Based on the uncontested evidence of Complainant’s use of the GRAMMARLY Mark and Complainant’s trademark registrations for the Mark, the Panel concludes that Complainant has rights in the GRAMMARLY Mark.
The Domain Name <grammarlywriters.com> incorporates in its entirety the GRAMMARLY Mark. Where a domain name incorporates complainant’s mark, this is sufficient to establish that the domain name is identical or confusingly similar for purposes of the Policy. See Kabushiki Kaisha Hitachi Seisakusho (d/b/a Hitachi Ltd) v. Arthur Wrangle, WIPO Case No. D2005-1105. Adding the generic term “writers” to Complainant’s GRAMMARLY Mark does not alleviate the confusion. See section 1.8 of the WIPO Overview 3.0: “Where the relevant trademark is recognizable within the disputed domain name, the addition of other terms (whether descriptive, geographical, pejorative, meaningless, or otherwise) would not prevent a finding of confusing similarity under the first element. The nature of such additional term(s) may however bear on assessment of the second and third elements”.
For the foregoing reasons, the Panel finds that paragraph 4(a)(i) of the Policy has been satisfied.
B. Rights or Legitimate Interests
Complainant has established its rights to the GRAMMARLY Mark and it maintains that it has not granted Respondents a right to use the Mark in any manner. There is no evidence that Respondents are commonly known by the Domain Name or the Grammarly Mark. For example, Complainant notes in the WhoIs information for the Domain Name that Respondents list the email address: […]@whoisguard.com, and in the
registrant information provided by NameCheap, Inc., Respondents list the email addresses: […]@icloud.com and […]@gmail.com, rather than an email address that reflects the <grammarlywriters.com> domain name. It also maintains that Respondents’ use of “Grammarly Writers” and “Grammar-ly Writers” on Respondents’ website does not indicate that Respondents are commonly known by “Grammarly Writers”, “Grammar-ly Writers”, or “grammarlywriters.com”, because such uses constitute infringement of the Mark.
Complainant also maintains that Respondents’ use of the Domain Name is not a bona fide use because Respondents are trading on its reputation and goodwill by using the Mark in the Domain Name which resolves to a website that looks substantially similar to Complainant’s website located at “www.grammarly.com”. Respondents are using the Domain Name for commercial gain by actively marketing their services on their website under the GRAMMARLY Mark or “Grammar-ly” for a fee that would undoubtedly benefit Respondents.
Complainant’s facts, without contrary evidence from Respondents, are sufficient to permit a finding in Complainants’ favor on this issue. Alcoholics Anonymous World Services, Inc. v. Lauren Raymond, WIPO Case No. D2000-0007.
The Panel therefore holds that Complainant has established paragraph 4(a)(ii) of the Policy.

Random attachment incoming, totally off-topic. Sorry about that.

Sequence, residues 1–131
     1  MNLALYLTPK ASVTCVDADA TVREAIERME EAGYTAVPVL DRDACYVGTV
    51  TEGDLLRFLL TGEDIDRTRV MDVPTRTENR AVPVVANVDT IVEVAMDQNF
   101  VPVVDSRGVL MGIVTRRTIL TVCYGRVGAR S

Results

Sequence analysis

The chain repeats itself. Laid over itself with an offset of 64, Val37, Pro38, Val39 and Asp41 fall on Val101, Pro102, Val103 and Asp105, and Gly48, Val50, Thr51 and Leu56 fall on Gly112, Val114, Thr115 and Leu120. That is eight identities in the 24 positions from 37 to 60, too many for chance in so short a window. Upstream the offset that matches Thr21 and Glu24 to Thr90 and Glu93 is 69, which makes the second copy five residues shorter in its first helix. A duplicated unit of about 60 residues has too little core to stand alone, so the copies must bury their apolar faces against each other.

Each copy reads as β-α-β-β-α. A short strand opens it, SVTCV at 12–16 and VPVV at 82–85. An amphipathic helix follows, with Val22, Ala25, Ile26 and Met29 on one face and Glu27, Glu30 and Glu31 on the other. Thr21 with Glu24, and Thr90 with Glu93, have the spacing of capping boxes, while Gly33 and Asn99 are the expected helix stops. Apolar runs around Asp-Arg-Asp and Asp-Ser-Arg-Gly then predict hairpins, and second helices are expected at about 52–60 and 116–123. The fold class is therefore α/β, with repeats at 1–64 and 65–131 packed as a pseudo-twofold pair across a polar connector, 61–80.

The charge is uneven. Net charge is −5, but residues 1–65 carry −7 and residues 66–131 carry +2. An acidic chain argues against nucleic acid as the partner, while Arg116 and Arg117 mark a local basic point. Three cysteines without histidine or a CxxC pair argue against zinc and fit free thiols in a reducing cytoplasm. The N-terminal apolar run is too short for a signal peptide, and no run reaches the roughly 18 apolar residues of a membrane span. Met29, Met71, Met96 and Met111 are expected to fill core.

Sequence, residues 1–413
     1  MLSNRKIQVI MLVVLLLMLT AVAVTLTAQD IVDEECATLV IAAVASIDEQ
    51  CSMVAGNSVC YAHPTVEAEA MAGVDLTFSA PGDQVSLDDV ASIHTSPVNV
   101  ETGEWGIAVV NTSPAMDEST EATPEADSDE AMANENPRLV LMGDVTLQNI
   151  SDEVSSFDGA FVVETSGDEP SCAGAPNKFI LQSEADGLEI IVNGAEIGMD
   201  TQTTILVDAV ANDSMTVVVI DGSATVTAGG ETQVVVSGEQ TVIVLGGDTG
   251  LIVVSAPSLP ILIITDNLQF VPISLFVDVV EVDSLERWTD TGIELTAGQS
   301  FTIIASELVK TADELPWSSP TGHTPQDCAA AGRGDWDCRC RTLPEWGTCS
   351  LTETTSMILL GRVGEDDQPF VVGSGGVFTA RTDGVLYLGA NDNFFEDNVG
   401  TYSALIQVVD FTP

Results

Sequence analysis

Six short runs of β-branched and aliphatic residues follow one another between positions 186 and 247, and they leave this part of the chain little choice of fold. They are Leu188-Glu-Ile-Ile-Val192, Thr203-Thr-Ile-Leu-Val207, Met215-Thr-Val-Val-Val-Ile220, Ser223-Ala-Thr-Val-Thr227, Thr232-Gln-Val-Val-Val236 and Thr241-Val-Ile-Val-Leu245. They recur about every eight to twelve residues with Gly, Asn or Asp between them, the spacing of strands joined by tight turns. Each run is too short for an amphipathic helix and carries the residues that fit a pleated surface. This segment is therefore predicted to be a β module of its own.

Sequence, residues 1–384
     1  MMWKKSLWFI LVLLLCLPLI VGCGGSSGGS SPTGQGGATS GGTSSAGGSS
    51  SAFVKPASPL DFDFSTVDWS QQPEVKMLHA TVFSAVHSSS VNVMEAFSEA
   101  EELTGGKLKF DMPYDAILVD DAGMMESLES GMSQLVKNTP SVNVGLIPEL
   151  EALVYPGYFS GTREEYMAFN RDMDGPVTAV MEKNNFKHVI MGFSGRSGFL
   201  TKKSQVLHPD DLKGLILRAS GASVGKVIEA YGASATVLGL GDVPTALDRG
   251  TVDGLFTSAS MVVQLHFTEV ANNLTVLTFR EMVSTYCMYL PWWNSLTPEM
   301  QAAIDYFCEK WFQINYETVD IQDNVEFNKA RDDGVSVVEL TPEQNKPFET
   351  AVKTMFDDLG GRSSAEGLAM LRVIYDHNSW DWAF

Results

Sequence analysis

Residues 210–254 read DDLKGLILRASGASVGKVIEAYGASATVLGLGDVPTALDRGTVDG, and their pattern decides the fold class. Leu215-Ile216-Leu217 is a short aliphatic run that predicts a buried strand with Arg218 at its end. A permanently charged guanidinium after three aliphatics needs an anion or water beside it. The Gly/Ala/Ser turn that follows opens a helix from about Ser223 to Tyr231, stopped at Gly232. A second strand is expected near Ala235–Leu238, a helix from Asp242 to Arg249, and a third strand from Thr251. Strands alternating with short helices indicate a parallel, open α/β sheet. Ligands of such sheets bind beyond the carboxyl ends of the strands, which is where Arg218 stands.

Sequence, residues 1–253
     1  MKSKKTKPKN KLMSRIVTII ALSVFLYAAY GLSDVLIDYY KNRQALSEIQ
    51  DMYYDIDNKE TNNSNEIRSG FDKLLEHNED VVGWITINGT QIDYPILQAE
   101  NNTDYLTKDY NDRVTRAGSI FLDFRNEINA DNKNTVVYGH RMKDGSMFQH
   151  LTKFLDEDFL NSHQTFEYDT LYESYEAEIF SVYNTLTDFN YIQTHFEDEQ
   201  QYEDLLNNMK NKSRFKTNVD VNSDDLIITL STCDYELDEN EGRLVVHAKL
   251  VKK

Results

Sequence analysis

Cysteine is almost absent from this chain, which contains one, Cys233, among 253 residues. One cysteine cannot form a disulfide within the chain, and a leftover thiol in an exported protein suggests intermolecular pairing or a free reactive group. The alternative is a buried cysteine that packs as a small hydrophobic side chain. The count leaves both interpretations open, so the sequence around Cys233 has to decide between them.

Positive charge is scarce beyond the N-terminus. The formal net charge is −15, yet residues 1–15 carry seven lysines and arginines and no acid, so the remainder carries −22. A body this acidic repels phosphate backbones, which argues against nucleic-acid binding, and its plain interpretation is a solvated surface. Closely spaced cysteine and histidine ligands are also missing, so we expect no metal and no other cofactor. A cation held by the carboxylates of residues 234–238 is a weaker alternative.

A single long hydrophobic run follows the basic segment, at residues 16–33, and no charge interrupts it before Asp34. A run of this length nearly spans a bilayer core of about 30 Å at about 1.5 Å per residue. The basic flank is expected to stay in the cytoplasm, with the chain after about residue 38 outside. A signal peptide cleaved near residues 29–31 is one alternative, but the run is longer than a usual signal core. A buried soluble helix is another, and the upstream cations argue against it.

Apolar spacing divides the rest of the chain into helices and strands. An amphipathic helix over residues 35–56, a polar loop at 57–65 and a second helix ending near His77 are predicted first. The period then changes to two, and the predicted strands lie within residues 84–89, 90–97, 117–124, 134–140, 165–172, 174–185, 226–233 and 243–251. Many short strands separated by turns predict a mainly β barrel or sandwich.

C. Registered and Used in Bad Faith
It is undisputed that Complainant registered and used the GRAMMARLY Mark before Respondents registered the Domain Name. It is unlikely that Respondent was unaware of the GRAMMARLY Mark when it registered the Domain Name considering Complainant’s prior use of the Mark before Respondent registered the Domain Name and the fact that Respondents incorporated the entirety of the Mark in the Domain Name and added the term “writers”, which reflects Complainant’s business – services that help others improve their writing skills. Furthermore, the Domain Name resolves to a website that has design elements (e.g. three similar colors – blue, green, white; animated typing in the middle of the homepage; prominent use of a green circle near the GRAMMARLY Mark; similarly colored blue bar at the top of the page) that are similar to the design elements of Complainant’s website and Respondents are also offering for sale writing services. Moreover, in correspondence from Mr. Braze who referred to the owner of the Domain Name as his “client”, Mr. Braze claimed multiple times that as a “professional curtesy” his client was referring people to Complainant’s website for the proofreading services. Thus, Respondents clearly knew of Complainant and its services.
Respondents’ website is clearly set up for selling its competing services (e.g. shopping cart, credit card processing, promotional codes for discounts). Mr. Braze acknowledged in his correspondence that his “client is a young entrepreneur, [e]arning around $500 per month from his only website”. The Panel concludes that by using the confusingly similar Domain Name to market writing services Respondents have intentionally attempted to attract, for commercial gain, Internet users to their website by creating a likelihood of confusion with Complainant’s GRAMMARLY Mark as to the source, sponsorship, affiliation or endorsement of such site or the products or services advertised on such site, within the meaning of paragraph 4(b)(iv) of the Policy. Advance Magazine Publishers Inc. v. Red Wagon Films, WIPO Case No. D2006-0893.
The Panel therefore holds that Complainant has established paragraph 4(a)(iii) of the Policy.
For the foregoing reasons, in accordance with paragraphs 4(i) of the Policy and 15 of the Rules, the Panel orders that the Domain Name <grammarlywriters.com> be transferred to Complainant.
Harrie R. Samaras
Date: June 25, 2018